They say they’re only trying to help, but do we really need to know our Monday’s hell blog was “light” on content? That it could have benefited from “a few tips” for parents? Do we need to hear that our readers deserve more? That we suck at blogging? That we might as well quit now? I mean, really?
And, fine, maybe the husbands didn’t actually say that our readers deserve more, or that we suck at blogging and might as well quit now. And, okay, maybe said criticism was totally valid, and that said husbands actually were being really nice about it. Still. Screw them, right?
1. Don’t panic.
This is pretty much the mantra of this blog, and it’s a good one to remember here. Your kid is going to have to wade through a load of shit in elementary school, which will only prepare her for the bigger load of shit she’ll have to wade through in middle school until the shit piles so high, it spills over into your life during adolescence. Best to learn to chill out now. Bourbon helps.
2. Remember: Hell is a nasty word, but it’s just a word.
We tend to give hell a lot more weight than it’s really worth. That’s not to say it’s okay to tell someone they’re going to hell, but let’s put it in perspective. Sally is told she’s “ugly” because she wears glasses or has freckles. Johnny is a “sissy” because he can’t throw a ball. Mary is “retarded” because she has a stutter. Timmy is going to “hell” because he doesn’t believe in God. Each insult is just as mean and hurtful as the next — and, also, just as untrue.
3. Consider the source.
Not all H-bombs are created equal. One thrown by an unassuming kindergartner is not the same as an assault by a junior minister at a relative’s church, or talk of hell by your child’s Muslim grandmother. A school incident may require no action from you (See No. 4), but if a place of worship is scaring your child, it’s probably best to find a new place of worship. And if a family member is involved, that deserves a sit-down talk.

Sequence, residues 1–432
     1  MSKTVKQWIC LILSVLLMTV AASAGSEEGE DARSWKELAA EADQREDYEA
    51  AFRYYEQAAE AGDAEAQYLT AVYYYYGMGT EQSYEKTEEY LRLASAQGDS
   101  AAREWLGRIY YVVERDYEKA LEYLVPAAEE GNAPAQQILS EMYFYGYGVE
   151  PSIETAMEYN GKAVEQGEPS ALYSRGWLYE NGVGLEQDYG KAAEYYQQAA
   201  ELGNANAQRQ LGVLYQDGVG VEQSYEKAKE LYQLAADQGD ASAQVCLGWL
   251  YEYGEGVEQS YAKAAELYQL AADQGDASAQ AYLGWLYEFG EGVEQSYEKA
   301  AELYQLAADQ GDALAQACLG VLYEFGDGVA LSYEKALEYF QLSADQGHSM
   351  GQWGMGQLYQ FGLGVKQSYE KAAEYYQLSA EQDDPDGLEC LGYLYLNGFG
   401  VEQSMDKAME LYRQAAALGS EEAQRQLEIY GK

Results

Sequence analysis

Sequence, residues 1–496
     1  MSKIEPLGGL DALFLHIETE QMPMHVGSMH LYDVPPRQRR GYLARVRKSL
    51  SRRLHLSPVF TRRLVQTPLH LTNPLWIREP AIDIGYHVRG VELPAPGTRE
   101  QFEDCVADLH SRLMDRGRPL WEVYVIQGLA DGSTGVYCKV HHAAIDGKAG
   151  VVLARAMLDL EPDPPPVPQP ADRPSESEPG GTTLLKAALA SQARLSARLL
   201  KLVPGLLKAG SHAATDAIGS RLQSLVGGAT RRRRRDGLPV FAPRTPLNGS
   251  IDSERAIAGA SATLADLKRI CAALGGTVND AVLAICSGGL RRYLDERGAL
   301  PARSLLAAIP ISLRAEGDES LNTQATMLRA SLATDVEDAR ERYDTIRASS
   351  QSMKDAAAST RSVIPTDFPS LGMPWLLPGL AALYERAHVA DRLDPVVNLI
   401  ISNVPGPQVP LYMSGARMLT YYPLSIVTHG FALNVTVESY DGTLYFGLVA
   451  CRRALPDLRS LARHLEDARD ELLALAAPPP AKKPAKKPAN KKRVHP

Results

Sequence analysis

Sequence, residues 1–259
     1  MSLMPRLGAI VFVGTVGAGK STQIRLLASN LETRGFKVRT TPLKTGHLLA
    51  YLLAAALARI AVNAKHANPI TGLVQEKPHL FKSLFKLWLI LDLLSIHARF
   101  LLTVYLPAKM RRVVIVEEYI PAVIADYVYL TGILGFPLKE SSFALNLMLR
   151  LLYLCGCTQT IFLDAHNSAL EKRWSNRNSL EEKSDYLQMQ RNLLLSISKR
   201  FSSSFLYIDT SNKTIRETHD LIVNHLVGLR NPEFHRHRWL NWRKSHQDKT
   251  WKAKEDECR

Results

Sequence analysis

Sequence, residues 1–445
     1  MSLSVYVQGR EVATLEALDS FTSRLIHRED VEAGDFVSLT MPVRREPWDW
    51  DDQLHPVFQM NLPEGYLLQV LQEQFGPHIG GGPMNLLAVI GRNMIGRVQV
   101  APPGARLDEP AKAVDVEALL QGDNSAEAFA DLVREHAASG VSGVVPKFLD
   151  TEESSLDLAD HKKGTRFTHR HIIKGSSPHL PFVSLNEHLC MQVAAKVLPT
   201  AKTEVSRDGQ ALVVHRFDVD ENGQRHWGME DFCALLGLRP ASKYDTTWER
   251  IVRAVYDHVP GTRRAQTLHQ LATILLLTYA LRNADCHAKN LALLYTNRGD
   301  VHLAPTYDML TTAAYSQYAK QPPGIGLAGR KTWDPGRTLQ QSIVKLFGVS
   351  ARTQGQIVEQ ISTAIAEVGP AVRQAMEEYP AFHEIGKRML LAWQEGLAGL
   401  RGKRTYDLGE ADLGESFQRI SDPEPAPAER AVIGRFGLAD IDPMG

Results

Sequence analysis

4. Follow your kid’s lead.
While we parents love to impose our sage advice on our kids, sometimes the best thing to do is listen and encourage. When we steer our kids too much, or expend a lot of energy trying to fix their problems, we often send the message that they can’t possible fix these problems themselves. If your child dealt with the H-bomb without becoming abusive to the bomber, she deserve major kudos. Maybe she told the teacher. Maybe she defended herself. Maybe she did absolutely nothing. Whatever it was, tell her she did a bang-up job. “Good for you!” you might say. “I love how you handled that.” Or the old reliable: “I’m so proud of you.”
5. Appeal to logic.
Take your kid outside. Look up at the sky. Stomp on the ground a little. Look at some pictures of space and the Grand Canyon. Then talk about this “hell” of which people speak. If it exists, where is it? A great centerpiece to any religiously complex conversation is: ”Does that make sense to you?” For example: “If someone is a nice person, and only does good things for other people, do you think that person will go to some horrible place after he or she dies? Does that make sense to you?”
6. Separate the hell-talkers from the religious masses.
A great many religious people — particularly modern, progressive types — have done away with this old-fashioned notion of hell altogether; either they believe that only truly evil people go to hell, or they’ve abandoned the notion altogether. And even among those who do believe in hell, most are not particularly worried about whether you are going there; they’re far more worried about whether they are going there. The point is, not all religious people believe your kid is going to hell; it’s important your kid knows that.
7. Use it as a learning opportunity.
Hell is a super-interesting field of study, for kids who are old enough to handle it without nightmares. And treating it as just that — a field of study — helps remove some of its power. Look up Hell on Wikipedia. Read about how each religion imagines hell, and how they differ. You might be surprised how many religions have no concept of hell at all. Talk to your child about how hell is depicted in songs, movies, artworks, literature and video games. Also, explain that many people think of hell as a condition of one’s own mind; when you do hurtful, amoral things, you must then suffer the guilt and remorse and regret that goes with those decisions. (For many of us, that’s a fate worse than anything the devil could do.)
8. Tell someone.
I added this one at the last minute after I read a post by blogger Steph Bazzle on Parenting Beyond Belief. Her 8-year-old son came home from school after a fellow classmate told him he was headed “down there.” Bazzle ended up writing an e-mail to the principal, teacher and guidance counselor. Not a freak-out e-mail, but a heads-up e-mail. Their response? The principal called her immediately, genuinely concerned. And the school guidance counselor scheduled a tolerance course for every grade in the school. Can’t ask for better than that.